Ingthorsson rejects most presentist responses to the grounding objection (pp. 128-136) but considers two alternatives. The first is to bite the bullet:
Given that there is no future or past, is it really a problem that therefore there are no truths about the future and/or past? (p. 136).
The rejection of past and future truth isn't so bad, argues Ingthorsson, because beliefs about the non-present can nevertheless be warranted by currently existing evidence such as written records, photographs, memories, and widely accepted theories (p. 137). I, however, am not drawn to the combination of supposing one's beliefs about the non-present to be both justified and not true. For example, I take the fossil record to justify my belief that there were dinosaurs, but if I accept presentism I must also acknowledge that it is not true that there were dinosaurs. Doesn't the latter simply undercut the former? Why isn't this tantamount to claiming that the evidence is always misleading?
The second alternative is to suppose that:
Material reality is made of a permanent portion of some substratum that does not come into being or go out of being but is only converted from one form to another . . . to exist is to be either the whole or a portion of this material substance, or an instantiated qualitative state of it, or a relation between existent matter or the qualities instantiated in it. (pp. 138-9)
This is an interesting suggestion, but with a familiar worry: what, on such a view, makes it the case that the substratum is permanent, i.e. did exist and will exist? It would seem that its current state fails to ground such facts. Perhaps the idea is to bite the bullet, as in the first response, but then I am left with my earlier unease.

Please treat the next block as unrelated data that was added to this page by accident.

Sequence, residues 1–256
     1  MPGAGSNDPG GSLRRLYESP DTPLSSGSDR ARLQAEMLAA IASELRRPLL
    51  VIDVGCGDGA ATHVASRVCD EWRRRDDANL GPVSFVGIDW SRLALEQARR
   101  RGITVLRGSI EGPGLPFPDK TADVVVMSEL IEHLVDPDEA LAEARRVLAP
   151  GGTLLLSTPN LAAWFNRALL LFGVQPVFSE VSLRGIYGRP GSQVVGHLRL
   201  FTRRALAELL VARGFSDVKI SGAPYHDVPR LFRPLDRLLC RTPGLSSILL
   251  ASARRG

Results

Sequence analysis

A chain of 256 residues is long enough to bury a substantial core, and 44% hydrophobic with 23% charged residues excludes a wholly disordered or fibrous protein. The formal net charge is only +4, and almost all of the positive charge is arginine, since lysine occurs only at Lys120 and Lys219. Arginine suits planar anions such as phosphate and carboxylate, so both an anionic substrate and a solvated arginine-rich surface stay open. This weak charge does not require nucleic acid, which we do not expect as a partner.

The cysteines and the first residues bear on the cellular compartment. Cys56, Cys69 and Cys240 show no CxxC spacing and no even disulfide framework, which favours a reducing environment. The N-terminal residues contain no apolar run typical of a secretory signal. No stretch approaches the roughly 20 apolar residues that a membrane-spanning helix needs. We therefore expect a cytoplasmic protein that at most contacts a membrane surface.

Though I have expressed a number of reservations concerning Ingthorsson's conclusions with respect to endurance and presentism, I remain extremely enthusiastic about the book as a whole, which is truly an excellent piece of both philosophy and scholarship: argumentative and rigorous, informative and thought provoking. It is also superbly written, exhibiting exceptional clarity, concision, and flow. It is in all respects a first rate contribution. Anybody interested in McTaggart, the philosophy of time, or metaphysics will reap tremendous rewards from engaging with Ingthorsson's ideas; do give them a go.
Broad, C. D., 1938, Examination of McTaggart's Philosophy, Vol. II (Cambridge University Press).
Dummett, Michael, 1960, 'A Defence of McTaggart's Proof of the Unreality of Time', Philosophical Review 69: 497-504.
Horwich, Paul, 1987, Asymmetries in Time (MIT Press).
Mellor, D. H., 1998, Real Time II (Routledge).
Sider, Theodore, 2001, Four-Dimensionalism: An Ontology of Persistence and Time (Oxford University Press). Zimmerman, Dean, 2005, 'The A-Theory of Time, The B-Theory of Time, and "Taking Tense Seriously"', Dialectica 59: 401-57